As Executive Director of United African Organization, Alie Kabba has established a viable model for promoting social and economic justice, civic participation, and empowerment of African immigrants and refugees in the US.
He is the first African to be elected President of the Illinois Coalition for Immigrant and Refugee Rights (ICIRR), which is dedicated to promoting the rights of immigrants and refugees to full and equal participation in the civic, cultural, social, and political life of American society. In partnership with over 130 member organizations, the Coalition educates and organizes immigrant and refugee communities to assert their rights; promotes citizenship and civic participation; monitors, analyzes, and advocates on immigrant-related issues; and, informs the general public about the contributions of immigrants and refugees.
Alie Kabba is also Co-Chairman of the Golden Door Coalition, a coalition of individuals and organizations committed to the resettlement of refugees with dignity and the support necessary to thrive in the US. GDC members represent a broad range of ethnic and faith communities, employers, community-based organizations and others.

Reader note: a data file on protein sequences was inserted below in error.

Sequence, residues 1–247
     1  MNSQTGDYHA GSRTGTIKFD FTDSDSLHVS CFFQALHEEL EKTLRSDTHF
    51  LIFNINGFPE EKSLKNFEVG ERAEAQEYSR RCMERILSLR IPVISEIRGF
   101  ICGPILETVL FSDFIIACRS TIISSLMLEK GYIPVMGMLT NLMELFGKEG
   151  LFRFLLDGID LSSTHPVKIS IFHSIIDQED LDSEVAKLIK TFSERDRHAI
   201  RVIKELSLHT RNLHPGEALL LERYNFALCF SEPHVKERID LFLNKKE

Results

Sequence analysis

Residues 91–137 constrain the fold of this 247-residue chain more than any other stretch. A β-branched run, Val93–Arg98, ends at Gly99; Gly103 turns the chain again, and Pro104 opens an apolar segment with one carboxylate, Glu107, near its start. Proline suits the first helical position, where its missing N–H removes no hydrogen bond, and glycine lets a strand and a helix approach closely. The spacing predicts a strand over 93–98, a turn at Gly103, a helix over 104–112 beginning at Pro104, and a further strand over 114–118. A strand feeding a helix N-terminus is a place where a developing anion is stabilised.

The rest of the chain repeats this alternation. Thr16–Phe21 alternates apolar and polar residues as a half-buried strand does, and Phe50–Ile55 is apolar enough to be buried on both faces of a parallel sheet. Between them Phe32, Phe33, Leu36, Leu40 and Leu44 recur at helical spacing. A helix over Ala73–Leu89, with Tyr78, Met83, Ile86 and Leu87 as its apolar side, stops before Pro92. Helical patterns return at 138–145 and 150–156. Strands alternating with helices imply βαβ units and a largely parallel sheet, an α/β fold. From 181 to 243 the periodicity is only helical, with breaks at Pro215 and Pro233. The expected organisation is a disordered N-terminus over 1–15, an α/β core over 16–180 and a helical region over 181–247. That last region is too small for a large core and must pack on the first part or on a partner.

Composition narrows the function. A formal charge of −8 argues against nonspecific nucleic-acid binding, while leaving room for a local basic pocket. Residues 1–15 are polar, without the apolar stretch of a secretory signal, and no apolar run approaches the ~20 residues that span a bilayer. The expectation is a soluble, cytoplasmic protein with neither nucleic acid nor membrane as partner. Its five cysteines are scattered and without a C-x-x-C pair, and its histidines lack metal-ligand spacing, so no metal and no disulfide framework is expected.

He was recently elected to serve on the Board of Directors of Cable Access Network Television (CAN TV), which gives every Chicagoan a voice on cable television by providing video training, equipment, facilities and channel time for Chicago residents and nonprofit groups. CAN TV's five local, non-commercial channels reach 1 million viewers in the city of Chicago.
When asked about where he gets his inspiration, Alie Kabba’s response was cogent: “I'm inspired by everyday struggles of ordinary people yearning to live in dignity.”
And when asked what advice he would give to anyone who is craving to achieve their dreams, Alie Kabba was pensive and forthright: “Be the architect of your dreams with clarity of vision and honesty of intention, and never succumb to fear or doubt. Believe in the power of human imagination and capacity to triumph over adversity.”
As he looks to the future, Alie Kabba was asked about what’s next in this chapter of his life. His response was an indication of a tireless visionary unafraid to venture into difficult terrains: “I plan to embark on a national organizing project to build an engaged US constituency for Africa.”
The Grio100 consists of African Americans making great contributions in the world. Its goal is to predict who would make up the next generation of history makers.